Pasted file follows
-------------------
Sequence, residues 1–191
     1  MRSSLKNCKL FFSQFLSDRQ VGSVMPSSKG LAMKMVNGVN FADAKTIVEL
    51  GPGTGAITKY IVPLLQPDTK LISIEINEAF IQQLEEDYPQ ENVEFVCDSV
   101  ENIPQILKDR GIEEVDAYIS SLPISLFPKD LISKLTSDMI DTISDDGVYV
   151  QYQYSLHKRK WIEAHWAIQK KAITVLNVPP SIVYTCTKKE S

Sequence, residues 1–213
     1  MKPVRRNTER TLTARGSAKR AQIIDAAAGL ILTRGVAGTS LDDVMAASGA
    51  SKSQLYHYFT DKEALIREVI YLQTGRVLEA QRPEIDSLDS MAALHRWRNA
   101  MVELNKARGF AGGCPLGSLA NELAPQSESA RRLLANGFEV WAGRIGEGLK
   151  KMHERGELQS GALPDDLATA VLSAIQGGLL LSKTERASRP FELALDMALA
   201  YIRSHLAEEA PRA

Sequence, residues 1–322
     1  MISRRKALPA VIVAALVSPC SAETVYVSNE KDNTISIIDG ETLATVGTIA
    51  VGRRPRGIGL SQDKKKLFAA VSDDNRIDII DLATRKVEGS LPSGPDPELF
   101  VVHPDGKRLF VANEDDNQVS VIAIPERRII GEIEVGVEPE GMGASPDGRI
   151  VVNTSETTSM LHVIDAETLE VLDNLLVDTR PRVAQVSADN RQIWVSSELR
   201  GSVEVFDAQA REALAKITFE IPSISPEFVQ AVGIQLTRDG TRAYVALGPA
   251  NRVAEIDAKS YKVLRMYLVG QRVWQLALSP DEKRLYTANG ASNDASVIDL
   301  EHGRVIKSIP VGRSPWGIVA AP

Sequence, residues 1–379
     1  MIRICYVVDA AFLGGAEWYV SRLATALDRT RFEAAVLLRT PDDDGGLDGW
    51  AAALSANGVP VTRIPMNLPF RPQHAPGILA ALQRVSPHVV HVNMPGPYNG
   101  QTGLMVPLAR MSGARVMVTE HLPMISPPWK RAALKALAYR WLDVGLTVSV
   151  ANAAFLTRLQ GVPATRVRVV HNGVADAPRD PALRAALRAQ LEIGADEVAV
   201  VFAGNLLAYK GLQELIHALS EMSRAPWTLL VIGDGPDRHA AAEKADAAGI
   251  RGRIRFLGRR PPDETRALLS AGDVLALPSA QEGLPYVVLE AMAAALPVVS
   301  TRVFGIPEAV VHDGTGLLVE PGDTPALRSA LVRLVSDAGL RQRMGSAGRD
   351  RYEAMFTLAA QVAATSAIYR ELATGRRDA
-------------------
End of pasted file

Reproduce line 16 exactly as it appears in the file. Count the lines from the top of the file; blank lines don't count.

   151  VVNTSETTSM LHVIDAETLE VLDNLLVDTR PRVAQVSADN RQIWVSSELR